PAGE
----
“… who also made us sufficient as ministers of the new covenant, not of the letter but of the Spirit; for the letter kills, but the Spirit gives life.” 2 Cor 3:6
Paul seems at first glance to contrast the Spirit of the Lord with the letter of the law (torah), with the letter coming out on the short end of the stick. So in order to understand what Paul is saying, we have to define terms. And the dictionary for the Bible, where all things have been defined, is the Old Testament. Paul talks about a new covenant which is by the Spirit, not by the letter.
He is merely repeating what Jeremiah prophesied:
“Behold, the days are coming,” says the LORD, “when I will make a new covenant with the house of Israel and with the house of Judah— not according to the covenant that I made with their fathers in the day that I took them by the hand to lead them out of the land of Egypt, My covenant which they broke, though I was a husband to them,” says the LORD. “But this is the covenant that I will make with the house of Israel after those days,” says the LORD: “I will put My law in their minds, and write it on their hearts; and I will be their God, and they shall be My people. No more shall every man teach his neighbor, and every man his brother, saying, ‘Know the LORD,’ for they all shall know Me, from the least of them to the greatest of them,” says the LORD. “For I will forgive their iniquity, and their sin I will remember no more.” Jer 31:31-34
The Hebrew for “new covenant” here in Jeremiah means, not completely new, as in something never been seen before, but renewed, refreshed. The noun form of this same Hebrew word is the word for the new moon! God made an everlasting covenant with Israel (Gen 17:7, Psa 105:8-10, Isa 24:5; if something is everlasting, then how can it be thrown away for something completely new that has never been seen before?)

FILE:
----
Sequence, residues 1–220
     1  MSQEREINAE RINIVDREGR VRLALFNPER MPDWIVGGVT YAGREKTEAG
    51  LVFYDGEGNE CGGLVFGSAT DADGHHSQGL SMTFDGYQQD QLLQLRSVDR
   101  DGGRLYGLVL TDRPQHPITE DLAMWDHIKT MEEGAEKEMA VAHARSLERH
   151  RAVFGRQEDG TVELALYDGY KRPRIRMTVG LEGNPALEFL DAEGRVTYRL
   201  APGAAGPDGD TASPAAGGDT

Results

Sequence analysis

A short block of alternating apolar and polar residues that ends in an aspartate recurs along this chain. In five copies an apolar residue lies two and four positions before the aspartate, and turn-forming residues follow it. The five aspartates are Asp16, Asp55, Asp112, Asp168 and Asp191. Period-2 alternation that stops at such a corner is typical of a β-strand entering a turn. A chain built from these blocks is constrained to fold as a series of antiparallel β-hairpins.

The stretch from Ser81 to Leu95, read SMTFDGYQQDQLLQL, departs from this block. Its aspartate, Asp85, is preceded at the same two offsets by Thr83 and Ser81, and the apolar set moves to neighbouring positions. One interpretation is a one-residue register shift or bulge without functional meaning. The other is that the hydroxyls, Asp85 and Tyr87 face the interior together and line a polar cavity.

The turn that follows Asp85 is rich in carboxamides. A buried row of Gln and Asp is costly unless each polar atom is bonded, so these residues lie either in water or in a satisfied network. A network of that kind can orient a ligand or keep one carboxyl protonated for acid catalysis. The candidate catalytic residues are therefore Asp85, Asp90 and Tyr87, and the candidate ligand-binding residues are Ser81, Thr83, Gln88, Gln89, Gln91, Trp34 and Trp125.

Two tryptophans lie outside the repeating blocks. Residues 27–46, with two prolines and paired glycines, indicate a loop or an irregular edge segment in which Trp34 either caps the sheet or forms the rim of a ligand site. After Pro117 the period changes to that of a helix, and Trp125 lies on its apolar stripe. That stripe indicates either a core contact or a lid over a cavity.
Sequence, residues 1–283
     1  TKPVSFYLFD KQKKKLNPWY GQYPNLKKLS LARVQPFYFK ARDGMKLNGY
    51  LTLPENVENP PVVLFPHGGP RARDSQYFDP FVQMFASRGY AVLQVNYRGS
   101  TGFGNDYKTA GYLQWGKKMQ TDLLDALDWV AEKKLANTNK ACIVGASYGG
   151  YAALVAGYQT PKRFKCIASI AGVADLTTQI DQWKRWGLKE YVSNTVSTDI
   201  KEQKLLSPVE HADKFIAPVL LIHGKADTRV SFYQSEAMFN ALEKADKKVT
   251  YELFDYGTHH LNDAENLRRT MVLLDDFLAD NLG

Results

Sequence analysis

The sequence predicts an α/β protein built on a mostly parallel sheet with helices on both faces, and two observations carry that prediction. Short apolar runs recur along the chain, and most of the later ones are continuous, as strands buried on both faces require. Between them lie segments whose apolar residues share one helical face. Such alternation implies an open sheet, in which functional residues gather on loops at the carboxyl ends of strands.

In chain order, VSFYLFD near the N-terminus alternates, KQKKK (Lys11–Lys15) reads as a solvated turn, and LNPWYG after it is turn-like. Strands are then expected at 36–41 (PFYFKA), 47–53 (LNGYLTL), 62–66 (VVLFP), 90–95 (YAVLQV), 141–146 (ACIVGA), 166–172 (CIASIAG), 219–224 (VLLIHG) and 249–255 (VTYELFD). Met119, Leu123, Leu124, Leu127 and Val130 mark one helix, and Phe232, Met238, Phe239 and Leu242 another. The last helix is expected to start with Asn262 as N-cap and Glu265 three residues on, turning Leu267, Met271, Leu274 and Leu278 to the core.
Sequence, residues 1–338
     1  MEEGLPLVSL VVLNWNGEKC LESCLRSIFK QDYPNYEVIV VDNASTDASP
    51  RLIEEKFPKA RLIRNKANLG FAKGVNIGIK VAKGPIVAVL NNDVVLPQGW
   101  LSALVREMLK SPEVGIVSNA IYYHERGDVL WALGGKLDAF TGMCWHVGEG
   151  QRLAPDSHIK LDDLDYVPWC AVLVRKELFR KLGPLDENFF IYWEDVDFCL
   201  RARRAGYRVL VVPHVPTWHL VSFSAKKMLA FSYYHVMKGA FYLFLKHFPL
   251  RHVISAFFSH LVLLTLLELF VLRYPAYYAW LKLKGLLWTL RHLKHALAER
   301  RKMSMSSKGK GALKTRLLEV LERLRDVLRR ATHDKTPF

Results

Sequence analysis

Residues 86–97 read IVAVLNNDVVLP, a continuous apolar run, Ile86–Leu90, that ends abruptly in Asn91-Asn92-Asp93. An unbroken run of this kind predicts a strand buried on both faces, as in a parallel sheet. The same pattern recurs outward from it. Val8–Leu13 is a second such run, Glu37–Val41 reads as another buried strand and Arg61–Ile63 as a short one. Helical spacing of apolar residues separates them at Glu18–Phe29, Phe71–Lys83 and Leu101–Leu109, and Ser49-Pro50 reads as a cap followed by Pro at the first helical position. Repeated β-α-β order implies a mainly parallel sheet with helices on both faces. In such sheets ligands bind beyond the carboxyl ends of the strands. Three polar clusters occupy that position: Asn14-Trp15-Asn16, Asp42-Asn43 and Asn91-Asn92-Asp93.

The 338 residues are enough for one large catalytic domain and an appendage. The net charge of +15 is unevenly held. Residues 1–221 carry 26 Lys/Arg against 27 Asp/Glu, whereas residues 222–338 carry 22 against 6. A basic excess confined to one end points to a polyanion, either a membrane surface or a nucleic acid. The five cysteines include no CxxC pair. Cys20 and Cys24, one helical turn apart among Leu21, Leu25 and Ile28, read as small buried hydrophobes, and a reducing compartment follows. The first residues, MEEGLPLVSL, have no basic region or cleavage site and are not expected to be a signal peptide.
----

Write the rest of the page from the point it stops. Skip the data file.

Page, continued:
Israel threw the covenant away when they broke it. God did not throw it away. The covenant which Israel broke, the ancient covenant (God never defines the everlasting covenant as old, by the way; but Paul defines it as the ancient covenant in this chapter), was one on which Law was written with letters on tablets of stone. Israel was told to obey those letters, but their hearts inside of them were still unchanged. They still had their sin nature inside of them. They were compelled by the letter of the Law on the outside to obey God. In the renewed covenant — the everlasting and ancient covenant which God renewed after Israel broke it — however, it is not the Law itself that changes, but the place upon which the Law is written that changes. For the fathers, the Law was written by letters on the outside. For the children, Jeremiah prophesied that the Law would be written by the Spirit on the inside.
And it is to this passage that Paul is referring – not overtly, not by saying, “Jeremiah said, quote unquote,” – but referring none the less because the language Paul uses in 2 Cor 3 is exactly lifted from Jeremiah. Paul is also talking about a new covenant now written by the Spirit, not by the letter.
Now, there are two words used in Greek to mean “new.” The first is neos, and it means, brand new, never been seen before. The second is kainos, and it means fresh. If what we are saying is true, and if Paul is referring to the passage in Jeremiah where the ancient covenant is being refreshed, not by the letter but by the Spirit, then , the Greek we would expect to see in 2 Cor 3:6 would be kainos, fresh, not neos, completely new.
And it is kainos, Strong’s G2537. Here is the Greek dictionary definition copied straight from the New Testament Greek dictionary (Strong’s):
kainos: Of uncertain affinity; new (especially in freshness; while neos is properly so with respect to age).
Continued: 2 corinthians 3, the letter vs. the Spirit